Building Collector reader Scott D. recently visited St. Louis and brings us this report about the city’s most famous landmark:
“When people think of St Louis, they think of the Arch. To be more precise, The Gateway Arch. Also known as the Gateway to the West, the Arch is an integral part of the Jefferson National Expansion Memorial and the iconic image of St. Louis, Missouri. I recently made a trip to St Louis and the Arch. As many of us building collectors know, there have been versions of the Arch since it’s completion on October 28, 1965. It was designed by Finnish-American architect Eero Saarinen and structural engineer Hannskarl Bandel in 1947. The Arch is 630 feet tall and both the Washington Monument and the Seattle Space Need could fit under it. I was amazed how big it was as pictures you see of the monument do nothing to show the size. It is the tallest habitable structure in Missouri, 7 feet higher than the 623 foot spire of One Kansas City Place in Kansas City, and 37 feet higher than the roof of Metropolitan Square in St. Louis, Missouri. Of course, I hit the gift shop located underground where you ride to the top of the Arch. I found a wide variety of Gateway Arches in every size and ever materials. From plastic, metal, wood, cardboard and even a piece of cable that pulled the tram cars to the top of the arch in the form of an arch. One interesting souvenir was a 3-D wooden version of the Old Court house with the Arch going across it. Another interesting thing to check out when you’re under the arch is the sculpture murals that show the builders and the arch being completed. Souvenir versions of the Gateway Arch have been in existence since at least 1964. The earliest one I know of is the plastic bank that shows the Gateway Arch and the city behind it. It was made for the cities Bicentennial 1964-1966. I like how the bottom says to cut it open to get the money out. Nicer versions of the Gateway Arch are the metal. Some are on hard plastic bases and other on wood bases. I’ve also see versions like this use an awards and one was even a trophy. Other versions of the Gateway Arch have the city included with the piece. Personally, I find these much more interesting. Also, there have been a few version with river boats and other items located under the Arch. The Gateway Arch is very fascinating and very well worth the trip to see it. As for building collectors where many different versions can be bought from as little at $10 all the way to $60, you can bring a lot home for your collection and you may want to try to find a Washington Monument or Space needle to put under it! “- Scott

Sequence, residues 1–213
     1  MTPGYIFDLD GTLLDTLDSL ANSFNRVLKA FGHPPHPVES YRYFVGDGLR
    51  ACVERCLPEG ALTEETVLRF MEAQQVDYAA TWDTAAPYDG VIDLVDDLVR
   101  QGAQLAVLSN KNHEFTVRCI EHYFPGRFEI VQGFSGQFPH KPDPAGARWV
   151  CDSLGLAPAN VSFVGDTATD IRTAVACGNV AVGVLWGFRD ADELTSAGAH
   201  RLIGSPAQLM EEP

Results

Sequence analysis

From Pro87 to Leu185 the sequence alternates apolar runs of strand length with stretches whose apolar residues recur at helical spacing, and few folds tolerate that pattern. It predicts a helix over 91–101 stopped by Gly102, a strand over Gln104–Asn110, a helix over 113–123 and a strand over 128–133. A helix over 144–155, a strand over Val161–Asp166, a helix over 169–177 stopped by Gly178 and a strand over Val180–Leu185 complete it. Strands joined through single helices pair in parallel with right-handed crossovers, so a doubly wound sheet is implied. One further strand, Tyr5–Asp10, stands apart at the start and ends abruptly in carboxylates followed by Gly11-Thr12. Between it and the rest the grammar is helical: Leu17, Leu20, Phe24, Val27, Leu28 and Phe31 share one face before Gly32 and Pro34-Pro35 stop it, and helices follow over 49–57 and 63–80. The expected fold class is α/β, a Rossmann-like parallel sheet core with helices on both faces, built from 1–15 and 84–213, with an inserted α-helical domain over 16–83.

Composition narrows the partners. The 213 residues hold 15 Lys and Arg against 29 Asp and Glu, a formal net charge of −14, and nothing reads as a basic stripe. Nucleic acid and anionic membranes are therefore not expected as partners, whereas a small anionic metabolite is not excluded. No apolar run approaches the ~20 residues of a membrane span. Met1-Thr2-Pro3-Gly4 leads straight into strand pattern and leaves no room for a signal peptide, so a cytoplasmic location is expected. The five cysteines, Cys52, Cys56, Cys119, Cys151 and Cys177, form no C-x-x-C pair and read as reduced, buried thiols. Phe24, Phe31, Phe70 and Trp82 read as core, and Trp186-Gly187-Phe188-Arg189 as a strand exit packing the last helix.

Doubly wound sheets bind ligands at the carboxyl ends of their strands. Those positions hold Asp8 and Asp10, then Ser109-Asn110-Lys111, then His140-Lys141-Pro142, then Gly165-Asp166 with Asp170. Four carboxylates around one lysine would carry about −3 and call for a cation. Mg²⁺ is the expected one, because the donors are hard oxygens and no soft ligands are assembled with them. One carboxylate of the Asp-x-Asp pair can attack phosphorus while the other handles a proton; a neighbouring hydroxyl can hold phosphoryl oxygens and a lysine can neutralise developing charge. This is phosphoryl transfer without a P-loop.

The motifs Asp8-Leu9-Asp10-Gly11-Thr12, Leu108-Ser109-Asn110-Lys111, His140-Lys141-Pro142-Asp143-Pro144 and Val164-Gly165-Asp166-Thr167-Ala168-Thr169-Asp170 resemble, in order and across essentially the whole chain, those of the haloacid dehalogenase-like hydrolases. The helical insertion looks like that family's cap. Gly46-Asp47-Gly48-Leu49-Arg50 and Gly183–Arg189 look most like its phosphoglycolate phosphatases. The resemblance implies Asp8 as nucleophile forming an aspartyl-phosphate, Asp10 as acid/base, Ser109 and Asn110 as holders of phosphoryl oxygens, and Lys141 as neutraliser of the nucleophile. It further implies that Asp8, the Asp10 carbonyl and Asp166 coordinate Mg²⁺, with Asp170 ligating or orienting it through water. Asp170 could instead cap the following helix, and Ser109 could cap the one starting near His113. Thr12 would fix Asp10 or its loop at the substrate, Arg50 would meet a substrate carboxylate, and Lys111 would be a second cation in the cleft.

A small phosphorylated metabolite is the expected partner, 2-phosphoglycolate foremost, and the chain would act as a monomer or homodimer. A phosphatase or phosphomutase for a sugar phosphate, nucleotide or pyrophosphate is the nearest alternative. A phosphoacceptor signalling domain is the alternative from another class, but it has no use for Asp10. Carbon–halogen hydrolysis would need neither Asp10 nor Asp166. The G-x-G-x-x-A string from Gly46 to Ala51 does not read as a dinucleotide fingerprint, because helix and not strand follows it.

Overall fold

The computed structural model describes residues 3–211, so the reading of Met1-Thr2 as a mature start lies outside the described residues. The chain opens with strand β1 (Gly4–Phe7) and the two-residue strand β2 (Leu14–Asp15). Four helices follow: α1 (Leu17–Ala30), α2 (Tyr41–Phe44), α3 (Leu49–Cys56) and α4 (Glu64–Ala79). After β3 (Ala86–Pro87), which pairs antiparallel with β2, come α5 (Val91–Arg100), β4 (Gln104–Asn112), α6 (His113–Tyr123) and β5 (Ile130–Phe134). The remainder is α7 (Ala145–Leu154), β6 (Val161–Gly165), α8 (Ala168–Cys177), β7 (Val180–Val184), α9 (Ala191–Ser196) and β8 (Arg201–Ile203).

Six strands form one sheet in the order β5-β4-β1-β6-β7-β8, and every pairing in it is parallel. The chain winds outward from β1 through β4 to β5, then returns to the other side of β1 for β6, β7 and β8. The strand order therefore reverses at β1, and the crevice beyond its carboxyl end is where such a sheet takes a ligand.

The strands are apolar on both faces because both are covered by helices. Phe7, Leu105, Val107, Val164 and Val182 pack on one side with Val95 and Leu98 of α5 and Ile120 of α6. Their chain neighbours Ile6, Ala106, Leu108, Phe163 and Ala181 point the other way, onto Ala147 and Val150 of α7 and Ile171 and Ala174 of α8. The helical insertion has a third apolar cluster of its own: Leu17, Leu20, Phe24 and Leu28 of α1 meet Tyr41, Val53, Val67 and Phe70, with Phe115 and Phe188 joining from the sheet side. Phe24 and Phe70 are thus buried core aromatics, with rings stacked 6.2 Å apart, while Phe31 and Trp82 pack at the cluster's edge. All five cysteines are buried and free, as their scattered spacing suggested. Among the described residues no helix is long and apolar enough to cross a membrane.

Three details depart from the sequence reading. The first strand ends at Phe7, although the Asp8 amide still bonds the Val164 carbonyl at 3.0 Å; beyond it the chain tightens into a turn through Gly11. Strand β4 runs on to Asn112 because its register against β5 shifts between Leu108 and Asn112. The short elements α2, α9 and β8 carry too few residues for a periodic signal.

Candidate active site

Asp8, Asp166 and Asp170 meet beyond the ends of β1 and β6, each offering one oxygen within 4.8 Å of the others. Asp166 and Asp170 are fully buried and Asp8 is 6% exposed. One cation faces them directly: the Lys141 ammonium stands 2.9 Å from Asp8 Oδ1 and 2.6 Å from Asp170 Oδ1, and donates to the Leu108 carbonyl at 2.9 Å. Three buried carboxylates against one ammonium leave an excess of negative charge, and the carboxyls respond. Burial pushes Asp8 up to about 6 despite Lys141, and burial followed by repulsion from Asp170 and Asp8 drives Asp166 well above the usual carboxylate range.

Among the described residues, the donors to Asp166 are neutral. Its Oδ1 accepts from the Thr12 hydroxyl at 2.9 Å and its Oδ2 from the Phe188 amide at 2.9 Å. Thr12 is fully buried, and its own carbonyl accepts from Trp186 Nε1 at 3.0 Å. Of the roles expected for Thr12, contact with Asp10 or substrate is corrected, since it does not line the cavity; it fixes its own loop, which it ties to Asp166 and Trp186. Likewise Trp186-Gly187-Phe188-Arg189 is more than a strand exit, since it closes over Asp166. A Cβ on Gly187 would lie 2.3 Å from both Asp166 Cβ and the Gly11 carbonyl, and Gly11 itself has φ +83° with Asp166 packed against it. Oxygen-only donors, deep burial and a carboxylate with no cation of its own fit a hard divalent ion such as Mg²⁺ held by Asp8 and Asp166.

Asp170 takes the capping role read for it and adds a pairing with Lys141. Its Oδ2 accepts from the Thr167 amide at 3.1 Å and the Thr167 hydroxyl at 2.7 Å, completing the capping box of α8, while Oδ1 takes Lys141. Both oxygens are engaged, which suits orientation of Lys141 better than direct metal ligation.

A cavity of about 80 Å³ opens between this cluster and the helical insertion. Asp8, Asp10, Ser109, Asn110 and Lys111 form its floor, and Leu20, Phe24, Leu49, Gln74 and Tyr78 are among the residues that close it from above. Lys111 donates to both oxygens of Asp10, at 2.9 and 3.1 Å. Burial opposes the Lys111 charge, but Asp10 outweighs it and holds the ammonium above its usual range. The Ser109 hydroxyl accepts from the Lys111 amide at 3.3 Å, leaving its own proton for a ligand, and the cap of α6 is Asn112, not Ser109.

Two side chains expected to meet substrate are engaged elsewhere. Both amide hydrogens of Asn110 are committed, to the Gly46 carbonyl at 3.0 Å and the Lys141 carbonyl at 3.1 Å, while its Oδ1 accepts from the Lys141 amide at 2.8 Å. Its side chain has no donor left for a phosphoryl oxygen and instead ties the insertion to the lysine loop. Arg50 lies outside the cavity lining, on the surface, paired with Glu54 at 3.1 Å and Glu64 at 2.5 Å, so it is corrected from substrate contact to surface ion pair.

InFocusTech has produced finely-detailed 150' scale metal replica of the St. Louis Arch which stands just under 4-3/4" inches and is finished in antique pewter.